Others take the word “baptism” in the earlier part of the story in its proper sense, but in the second part they take it metaphorically for those wonderful and outstanding gifts of the Spirit which Christ designates with the word “baptism” when He says (Acts 1:5): “You shall be baptized with the Spirit.” And their understanding is that these had been baptized with the baptism of John but were not baptized with water by Paul, but that the particle kai (and), as often elsewhere so also here, is explanatory. They were baptized in the name of Jesus, that is, when Paul had laid his hands on them, the Spirit came upon them.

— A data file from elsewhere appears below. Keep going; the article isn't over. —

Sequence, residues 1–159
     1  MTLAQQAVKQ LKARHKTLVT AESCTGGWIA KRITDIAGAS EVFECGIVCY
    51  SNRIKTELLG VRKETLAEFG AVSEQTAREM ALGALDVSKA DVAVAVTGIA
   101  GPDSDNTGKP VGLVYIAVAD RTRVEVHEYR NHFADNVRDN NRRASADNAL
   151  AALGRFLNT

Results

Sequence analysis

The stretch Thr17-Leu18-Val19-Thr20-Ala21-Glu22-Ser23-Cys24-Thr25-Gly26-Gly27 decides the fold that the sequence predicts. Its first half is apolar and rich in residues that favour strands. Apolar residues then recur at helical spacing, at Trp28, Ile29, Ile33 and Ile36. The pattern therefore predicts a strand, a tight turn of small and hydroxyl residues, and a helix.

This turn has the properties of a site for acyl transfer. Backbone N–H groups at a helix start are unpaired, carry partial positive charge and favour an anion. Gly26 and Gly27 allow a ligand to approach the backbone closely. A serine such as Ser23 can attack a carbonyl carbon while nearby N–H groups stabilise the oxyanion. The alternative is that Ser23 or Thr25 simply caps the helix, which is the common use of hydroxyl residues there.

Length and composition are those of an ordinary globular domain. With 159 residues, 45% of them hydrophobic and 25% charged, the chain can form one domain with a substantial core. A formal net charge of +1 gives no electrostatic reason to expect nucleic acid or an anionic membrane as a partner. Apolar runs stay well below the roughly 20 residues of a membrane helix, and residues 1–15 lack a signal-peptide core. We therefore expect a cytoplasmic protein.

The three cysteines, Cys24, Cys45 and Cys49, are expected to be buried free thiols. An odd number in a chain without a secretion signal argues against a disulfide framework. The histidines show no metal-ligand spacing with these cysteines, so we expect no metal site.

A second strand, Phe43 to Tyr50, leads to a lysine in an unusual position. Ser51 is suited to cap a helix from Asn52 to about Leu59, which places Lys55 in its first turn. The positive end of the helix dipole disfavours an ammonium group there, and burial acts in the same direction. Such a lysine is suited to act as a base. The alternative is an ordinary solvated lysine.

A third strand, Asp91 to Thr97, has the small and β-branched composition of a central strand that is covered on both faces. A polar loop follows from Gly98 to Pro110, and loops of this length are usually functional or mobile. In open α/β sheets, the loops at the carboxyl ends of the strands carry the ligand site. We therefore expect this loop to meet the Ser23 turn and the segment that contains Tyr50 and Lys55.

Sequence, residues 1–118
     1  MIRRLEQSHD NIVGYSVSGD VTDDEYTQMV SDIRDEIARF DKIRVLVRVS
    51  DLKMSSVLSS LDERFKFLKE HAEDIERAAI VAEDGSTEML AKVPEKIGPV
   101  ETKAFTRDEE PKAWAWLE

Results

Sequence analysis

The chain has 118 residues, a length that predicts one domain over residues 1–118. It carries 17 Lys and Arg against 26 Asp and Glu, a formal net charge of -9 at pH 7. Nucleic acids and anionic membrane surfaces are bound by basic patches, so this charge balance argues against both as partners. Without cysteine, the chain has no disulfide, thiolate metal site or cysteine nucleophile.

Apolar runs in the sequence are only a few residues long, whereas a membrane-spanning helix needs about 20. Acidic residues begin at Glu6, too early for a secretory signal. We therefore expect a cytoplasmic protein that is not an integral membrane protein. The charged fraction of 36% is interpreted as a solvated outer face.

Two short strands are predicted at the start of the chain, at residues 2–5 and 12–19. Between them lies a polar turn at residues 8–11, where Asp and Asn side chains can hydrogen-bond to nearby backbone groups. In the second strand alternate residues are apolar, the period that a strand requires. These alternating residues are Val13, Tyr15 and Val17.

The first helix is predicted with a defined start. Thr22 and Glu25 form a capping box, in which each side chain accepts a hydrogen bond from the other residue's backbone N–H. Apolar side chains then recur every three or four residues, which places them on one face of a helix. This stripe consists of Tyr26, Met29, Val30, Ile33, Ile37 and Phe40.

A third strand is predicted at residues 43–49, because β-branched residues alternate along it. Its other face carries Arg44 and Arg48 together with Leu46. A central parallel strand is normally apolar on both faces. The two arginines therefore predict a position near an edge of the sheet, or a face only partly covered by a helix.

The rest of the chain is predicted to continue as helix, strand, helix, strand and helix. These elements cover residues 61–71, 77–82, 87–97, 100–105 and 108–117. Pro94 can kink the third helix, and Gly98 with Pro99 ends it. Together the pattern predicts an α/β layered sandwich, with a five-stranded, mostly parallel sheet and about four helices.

But both these explanations have something forced about them, and neither preserves entirely the simplicity and clarity of the text. Therefore some, considering the little Greek word men to which the Greek particle de in the following clause corresponds, do not take the clause “On hearing this they were baptized in the name of Jesus” to be words of the historian Luke concerning those 12 but as the uninterrupted context of the speech of Paul, in this sense: John indeed baptized with the baptism of repentance by faith in the Christ to come, and those who heard (namely, this teaching of the Baptist concerning faith in Christ) were baptized in the name of the Lord Jesus; that is, it was the same thing as if they had been baptized by the apostles. The Greek context readily bears and permits this explanation. An explanation that is also akin to this is found in the Glossa which is called Interlinear, although it takes those words as words of Luke the historian, namely: “When those 12 heard that there was no difference between the ministry of John and of the apostles, except that John had baptized into Him as coming, of whom the apostles testified that He had come, they at once accepted it; they were not rebaptized, but when they had heard this declaration, the baptism of John was for them baptism in the name of the Lord Jesus. For John baptized in such a way that he commanded men to believe in Christ Jesus. Therefore those whom John baptized were baptized in His name.” That gloss, the entire statement of which is taken from Ambrose, De Spiritu Sancto, Bk. 1, ch. 3, I have quoted above. He is, however, arguing about the true and lawful baptism of John, not about those 12 of whom he thought that they had received a spurious baptism under John’s name. This explanation agrees beautifully with that which is written toward the end of ch. 18 concerning Apollos, whom, because he knew only John’s baptism, they indeed instructed more accurately in the way of the Lord; but we do not read that they baptized him again with water, but having instructed him more fully they commended him to the disciples that he should be received as a Christian. This statement of the Glossa is very simple and fitting, and Lombard also argues that those who did not place their hope in that ceremony of John but believed in the Father, Son, and Holy Spirit were not afterward again baptized with water by the disciples of Christ. But to the possible objection that without the Holy Spirit there is neither the grace of God nor the forgiveness of sins, and that although those 12 are said to have been baptized with the baptism of John yet they first received the Holy Spirit by the laying on of hands, the answer is not difficult. For Luke himself explains that he understands by the term “Spirit” the extraordinary gifts of the Spirit, as the term is understood in John 7:39. Or, if it is taken literally, it will follow that not even by the baptism of Christ was the Holy Spirit given. For it is reported that they received the Spirit after the baptism of Christ, when Paul laid his hands on them.